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Old 17-10-2008, 07:44   #46
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... the brand was something "state"- the logo was green. Can't remember more...
Interstate Battery uses the colour “green” .

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Old 17-10-2008, 11:26   #47
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...so I went ahead and bought four of the Costco 115amp deep cycle marine batteries- they were 80ish each. The ???state batteries were FAR heavier than the Costco batteries. This mad/makes me a little nervous but not enough to change directions...
Don't worry. Those are the same batts I have on my boat and they work great.

Good luck on your journey!
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Old 17-10-2008, 14:02   #48
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Interstate (one of many brands from a major OEM supplier), WalMart...these are all "retail" consumer grade batteries, not intended for commercial service and built to a different criteria. In fact WalMart has to buy from some OEM supplier, could be Interstate, could be China, and the maker will vary when a new bid is awarded.

But generally a heavier battery means more lead means more power or more charge cycles. Except, a thick heavy "rubber" case can easily outweigh a newer plastic case that contains just as much, or more, battery inside. No real way to know unless you look inside at the plates and then find out just how deep they go. (There's empty space in the bottom of every battery to allow deposits to build up, that can also vary.)

I'm sure that at WalMart if you said you got ten years out of a battery they would be shocked. Meanwhile at Rolls they would say you must have abused them if you ONLY got ten years out of them.[g] Different price, different market, different product.
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Old 17-10-2008, 15:40   #49
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I'm sure that at WalMart if you said you got ten years out of a battery they would be shocked. Meanwhile at Rolls they would say you must have abused them if you ONLY got ten years out of them.[g] Different price, different market, different product.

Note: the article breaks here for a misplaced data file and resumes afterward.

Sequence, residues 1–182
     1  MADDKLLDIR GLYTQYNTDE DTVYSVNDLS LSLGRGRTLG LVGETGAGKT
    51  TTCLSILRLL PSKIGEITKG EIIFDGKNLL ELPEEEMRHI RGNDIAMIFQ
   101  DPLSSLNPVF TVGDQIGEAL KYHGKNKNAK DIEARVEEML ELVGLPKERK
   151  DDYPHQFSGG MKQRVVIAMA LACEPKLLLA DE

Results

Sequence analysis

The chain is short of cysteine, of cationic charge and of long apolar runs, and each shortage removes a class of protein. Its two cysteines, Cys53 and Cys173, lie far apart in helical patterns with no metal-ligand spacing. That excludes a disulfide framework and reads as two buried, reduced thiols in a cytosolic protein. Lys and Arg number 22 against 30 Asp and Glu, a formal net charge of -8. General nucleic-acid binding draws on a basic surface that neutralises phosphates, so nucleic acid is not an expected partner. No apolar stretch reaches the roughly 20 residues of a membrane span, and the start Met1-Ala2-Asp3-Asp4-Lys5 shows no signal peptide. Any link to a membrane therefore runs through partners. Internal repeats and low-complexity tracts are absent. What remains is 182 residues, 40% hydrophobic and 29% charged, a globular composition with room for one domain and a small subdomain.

And very different Price points. At $60 apiece for deep cycle, 115 amp/hr Group 27's after 5 years of use when I toss them away and buy their replacements I'm still way...way ahead. Then again, I'm not circumnavigating..this year
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Old 17-10-2008, 16:06   #50
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115Ah for a Group27 battery is unusually high, that's actually midrange for a Group31, and way higher than the typical 95AH for a Group27. Something has to give in order to make that happen.
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Old 17-10-2008, 18:30   #51
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115Ah for a Group27 battery is unusually high, that's actually midrange for a Group31, and way higher than the typical 95AH for a Group27. Something has to give in order to make that happen.
You should Google them or wander into Walmart and have a look. In the stores, the specs are in the manuals they have hanging by the battery display. I've read in the R/V forums that their Everstart batteries are manufactured by Johnson Controls. Guys have been using them for years with terrific results.
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Old 17-10-2008, 20:40   #52
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Rick, Walmart's retial stores and internet business are kept rather differently. many store only items are just not on the web site at all--batteries included last time I looked. I don't doubt the rating--just that it is unusual for a G27. Batteries are all governed by the same rules of commerce and physics, if one vendor is getting 21% more amp hours out of the same physical group size--something has to change to make room for that. JCI certainly doesn't get 115AH out of ALL of their G27 batteries.